Today has brought enlightenment and swept away a few of my prejudices. It was my son’s birthday, and as is customary in our family, he got to choose how we would spend the day. So we found ourselves on our way to the cinema to see The Day After Tomorrow.
It wouldn’t have been my first choice, American disaster movies being mostly gushy nonsense. The science behind this plot is laughable, but hey, this is Hollywood; suspension of disbelief and all that and my spirits had been buoyed by Roland Emmerich’s pretty positive (and witty) review in this morning’s Daily Telegraph.
So it was I found myself settling down in the dark ready to be entertained and to snicker at the script’s more banal bits. In fact, I thoroughly enjoyed it. The effects were brilliant, and once you’ve successfully suspended disbelief, it was highly watchable. Even the banalities sounded as if they were meant to be ironic, rather then clichéd.
If I had a problem, it was at the end when the sky clears, Jack rescues son Sam (the kid from Donnie Darko with a fine line in shy smiles) and they are being whisked off in a helicopter. As they look down, they see hundreds of people emerging on top of the skyscrapers where they had presumably been sheltering.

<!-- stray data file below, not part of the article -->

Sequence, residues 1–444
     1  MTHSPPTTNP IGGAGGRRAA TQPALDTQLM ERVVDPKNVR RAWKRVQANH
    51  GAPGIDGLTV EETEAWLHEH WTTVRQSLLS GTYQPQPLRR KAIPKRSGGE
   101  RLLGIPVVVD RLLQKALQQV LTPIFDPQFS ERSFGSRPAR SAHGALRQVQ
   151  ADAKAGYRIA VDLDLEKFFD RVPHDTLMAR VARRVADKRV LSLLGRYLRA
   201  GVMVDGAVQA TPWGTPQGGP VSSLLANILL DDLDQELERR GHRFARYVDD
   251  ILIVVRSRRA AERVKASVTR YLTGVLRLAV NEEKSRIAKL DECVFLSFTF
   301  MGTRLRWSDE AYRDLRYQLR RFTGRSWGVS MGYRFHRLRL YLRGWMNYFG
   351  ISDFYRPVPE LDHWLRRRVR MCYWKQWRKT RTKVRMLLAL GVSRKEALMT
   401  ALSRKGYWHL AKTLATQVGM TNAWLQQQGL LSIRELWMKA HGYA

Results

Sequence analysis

Nice happy ending; everyone lives happily ever after in South America, except that when the -150° temperature hit New York, sending super-cold ice running down the buildings, all the windows were blown out, so how did they survive? For a start, they didn’t have a library full of books to burn to keep warm as the resourceful teenagers had (though why they didn’t burn they wooden furniture is beyond me), nor a fireplace in which to burn them, or a chimney to take away the smoke. Okay, disbelief reinstated!
After the film, somewhere to eat, again son’s choice, so guess what — McDonalds which I hate. This isn’t a lifestyle choice or me railing at globalization. I just don’t like McDonalds food and as ever I searched the menu for the least offensive offering, plumping for one from their new salad range, crispy chicken caesar salad to be exact. For the second time today, I found myself swallowing my prejudices (literally in this instance) because it was really tasty.
Next on son’s list of things to do is to watch the last ever episode of Friends this evening. Again, sugary American comedy soaps aren’t my thing — should I risk challenging a third prejudice in one day and watch it for the first time? I could be on a roll.